Last week, despite all the good Tennessee did, the story was seven turnovers. There were plenty of other details, but when you give it away seven times, it’s hard to make the Vol narrative about anything else.
Today, despite all the bad Tennessee did and all the Alabama Alabama did, the story for Tennessee is health. There were plenty of other details, but when you become as depleted as the Vols became during this game, it’s hard to make the Vol narrative about anything else.
This is in no way to suggest the outcome would have automatically been different if the Vol defense and offensive line were at full strength or anything like that. The Tide need no validation from us or anyone and they certainly looked the #1 part today. Tennessee looked like a team playing that many second, third, and fourth-string players will tend to look against Nick Saban’s Crimson Tide.
When Tennessee beat Florida at the beginning of this four week gauntlet, we talked about how it seemed in the first half of that game that health would be the narrative going forward. But the Vols beat the Gators, then beat the Dawgs, then almost beat the Aggies despite losing three of their four best defenders, two of them first-team preseason All-SEC. We got used to seeing Bob Shoop and this defense deal with the loss in quality, and the events of the last month have been so wild we’ve probably been too busy to truly give them enough credit.
But against Texas A&M it became about quantity. The defense could make it work against Florida and Georgia and A&M without Jalen Reeves-Maybin, Darrin Kirkland Jr., and Cam Sutton. We thought Kirkland might return today, but he didn’t even dress. And in the aftermath of last week’s battle, the Vols had to try to make it work against Alabama without those three plus Cortez McDowell and Malik Foreman, plus Danny O’Brien who was dismissed during the week and then Kahlil McKenzie who was injured during today’s game. At defensive tackle the Vols were spelling Kendal Vickers and Shy Tuttle with Kyle Phillips, a converted defensive end, and Quay Picou, who had zero tackles coming into today’s game.
The result: Alabama ran 49 times for 438 yards, an astounding 8.9 yards per carry.
On the other side of the ball, Tennessee’s offensive line got back in the spotlight through little fault of their own. We saw the value of having your best five on the field together in the first three games of the year, as Chance Hall’s absence forced Coleman Thomas into action on a bum ankle and UT struggled to move the ball on the likes of Appalachian State. Then the Vols got Hall healthy and exploded against the Gators, Dawgs, and Aggies. But against A&M the Vols lost Dylan Wiesman and Jashon Robertson. And early in today’s contest, the Vols lost Brett Kendrick and Hall again. In their place the Vols played, left to right, redshirt freshman Drew Richmond, redshirt freshman Venzell Boulware, Coleman Thomas at center, Jack Jones, and true freshman Marcus Tatum. Tatum came in the game at the expense of his redshirt, meaning his first snap as a Vol came while trying to block Alabama.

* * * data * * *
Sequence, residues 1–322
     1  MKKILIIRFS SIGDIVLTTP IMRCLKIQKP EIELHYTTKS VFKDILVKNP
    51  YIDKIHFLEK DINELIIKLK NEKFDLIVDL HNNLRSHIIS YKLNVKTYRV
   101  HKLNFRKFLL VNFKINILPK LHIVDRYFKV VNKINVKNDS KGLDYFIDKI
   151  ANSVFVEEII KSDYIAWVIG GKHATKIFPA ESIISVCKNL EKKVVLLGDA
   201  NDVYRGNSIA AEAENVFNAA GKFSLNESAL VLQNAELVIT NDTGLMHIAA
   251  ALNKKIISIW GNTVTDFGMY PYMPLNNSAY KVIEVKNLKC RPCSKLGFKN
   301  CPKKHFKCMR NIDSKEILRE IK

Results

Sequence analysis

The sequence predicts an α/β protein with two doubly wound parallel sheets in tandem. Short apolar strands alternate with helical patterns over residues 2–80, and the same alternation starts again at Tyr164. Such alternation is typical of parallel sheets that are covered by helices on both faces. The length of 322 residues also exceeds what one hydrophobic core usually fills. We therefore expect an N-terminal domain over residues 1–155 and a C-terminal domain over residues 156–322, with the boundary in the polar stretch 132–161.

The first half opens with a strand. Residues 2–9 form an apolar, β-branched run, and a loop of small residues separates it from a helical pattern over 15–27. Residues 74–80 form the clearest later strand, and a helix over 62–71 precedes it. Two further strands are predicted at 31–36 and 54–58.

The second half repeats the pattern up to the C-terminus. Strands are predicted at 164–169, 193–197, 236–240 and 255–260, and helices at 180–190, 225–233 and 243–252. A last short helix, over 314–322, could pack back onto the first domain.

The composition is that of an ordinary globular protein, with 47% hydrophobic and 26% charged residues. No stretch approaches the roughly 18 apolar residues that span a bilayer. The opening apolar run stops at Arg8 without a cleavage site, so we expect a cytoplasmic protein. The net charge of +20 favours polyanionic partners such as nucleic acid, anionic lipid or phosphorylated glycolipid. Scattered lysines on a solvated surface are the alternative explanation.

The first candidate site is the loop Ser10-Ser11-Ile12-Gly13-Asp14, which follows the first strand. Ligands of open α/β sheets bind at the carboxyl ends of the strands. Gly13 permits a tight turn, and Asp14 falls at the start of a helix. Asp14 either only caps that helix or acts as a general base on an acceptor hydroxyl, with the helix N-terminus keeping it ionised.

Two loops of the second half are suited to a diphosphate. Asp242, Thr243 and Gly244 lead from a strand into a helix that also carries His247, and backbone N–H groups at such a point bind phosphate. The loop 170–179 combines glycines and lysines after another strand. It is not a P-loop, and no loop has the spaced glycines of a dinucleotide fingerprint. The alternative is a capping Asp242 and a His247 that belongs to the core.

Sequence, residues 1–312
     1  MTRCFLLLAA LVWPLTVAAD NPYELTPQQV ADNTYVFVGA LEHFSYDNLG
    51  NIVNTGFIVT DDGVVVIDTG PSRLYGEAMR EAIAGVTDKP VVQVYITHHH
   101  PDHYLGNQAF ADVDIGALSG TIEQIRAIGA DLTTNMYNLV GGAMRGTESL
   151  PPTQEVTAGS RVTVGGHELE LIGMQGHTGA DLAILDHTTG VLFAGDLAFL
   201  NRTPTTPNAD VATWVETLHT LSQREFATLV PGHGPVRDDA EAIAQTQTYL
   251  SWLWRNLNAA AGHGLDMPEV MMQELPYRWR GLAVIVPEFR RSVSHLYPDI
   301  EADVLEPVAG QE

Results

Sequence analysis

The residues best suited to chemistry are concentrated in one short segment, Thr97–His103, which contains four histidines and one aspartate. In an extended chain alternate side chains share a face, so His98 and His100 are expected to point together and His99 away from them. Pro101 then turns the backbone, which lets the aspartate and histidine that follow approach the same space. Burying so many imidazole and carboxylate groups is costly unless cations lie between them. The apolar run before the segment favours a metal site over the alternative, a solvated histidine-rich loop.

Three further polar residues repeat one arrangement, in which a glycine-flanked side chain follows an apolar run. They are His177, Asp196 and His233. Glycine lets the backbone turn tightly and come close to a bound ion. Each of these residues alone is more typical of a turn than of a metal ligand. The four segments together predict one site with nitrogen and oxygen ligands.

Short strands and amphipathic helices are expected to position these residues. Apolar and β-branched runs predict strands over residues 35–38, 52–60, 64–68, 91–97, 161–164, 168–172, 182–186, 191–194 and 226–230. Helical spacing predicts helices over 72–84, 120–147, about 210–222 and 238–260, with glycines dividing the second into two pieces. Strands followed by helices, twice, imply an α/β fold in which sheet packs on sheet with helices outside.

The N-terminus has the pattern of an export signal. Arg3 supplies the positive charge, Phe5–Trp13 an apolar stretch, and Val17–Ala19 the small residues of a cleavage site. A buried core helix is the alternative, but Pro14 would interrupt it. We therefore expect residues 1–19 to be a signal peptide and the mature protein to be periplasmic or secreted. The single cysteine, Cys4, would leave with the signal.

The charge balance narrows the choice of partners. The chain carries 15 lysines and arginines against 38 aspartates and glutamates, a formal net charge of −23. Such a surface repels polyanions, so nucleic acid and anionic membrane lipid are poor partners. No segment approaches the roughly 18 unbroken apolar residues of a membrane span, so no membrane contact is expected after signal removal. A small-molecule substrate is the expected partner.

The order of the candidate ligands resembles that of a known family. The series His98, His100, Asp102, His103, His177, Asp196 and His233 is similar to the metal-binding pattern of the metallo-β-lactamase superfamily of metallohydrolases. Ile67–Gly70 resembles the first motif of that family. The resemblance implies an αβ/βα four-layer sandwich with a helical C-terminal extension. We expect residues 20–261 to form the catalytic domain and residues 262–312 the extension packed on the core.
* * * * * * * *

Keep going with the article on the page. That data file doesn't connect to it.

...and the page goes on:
The result: Tennessee gained 163 yards.
The offense was non-existent throughout the day with both tackles going down early and a third having to play center. You can criticize play-calling or touches for Kamara or any other detail you like, but at the end of the day Tennessee is trying to move the ball on Bama’s defense with that line. Good luck.
The defense was stronger for longer, scoring a pair of turnovers thanks to the incredible play of Derek Barnett (and an assist from Shy Tuttle) and watching a Bama field goal sail wide. Some of those reserves had their moments; Elliott Berry had several. They gave Tennessee’s offense the ball down only 21-7 early in the third quarter. The Tide got it back with ten minutes left in the same period, and outscored the Vols 28-3 over the next 14 minutes of game time. The dam broke.
The good news is, many of its pieces can be repaired. Butch Jones has shut down most of the injury talk, but we can expect the Vols to get a number of these guys healthy during the bye, starting with Kirkland. The areas of greatest concern now shift from linebacker and corner to defensive tackle and offensive line. At defensive tackle the Vols still have firepower in the starting lineup but a ton of inexperience behind them. On the offensive line we only really know Dylan Wiesman is dealing with a concussion; the fates of Robertson, Hall, and Kendrick are more uncertain.
Tennessee’s focus will shift to South Carolina with an eye on the Gators, who must lose one of Georgia, South Carolina, Arkansas, or LSU to put the Vols back on top of the SEC East standings. Butch Jones said on his postgame radio show tonight the Vols had earned the opportunity to play championship football down the stretch, and he’s right: the Vols will need to run the table against a set of opponents they should find more to their liking than what they’ve seen the last four weeks, a group of foes more manageable if second and third teamers are pressed into service once more.
If the Vols can navigate all that and Florida fails to do the same, Tennessee will find themselves in Atlanta and will probably find Alabama waiting. We don’t know if a fuller-strength Tennessee can make enough of a difference. But we do know we’d love to find out.
Get healthy where you can. Get better where you can’t. And we’ll see if the combination of the two will lead to Atlanta and Alabama again.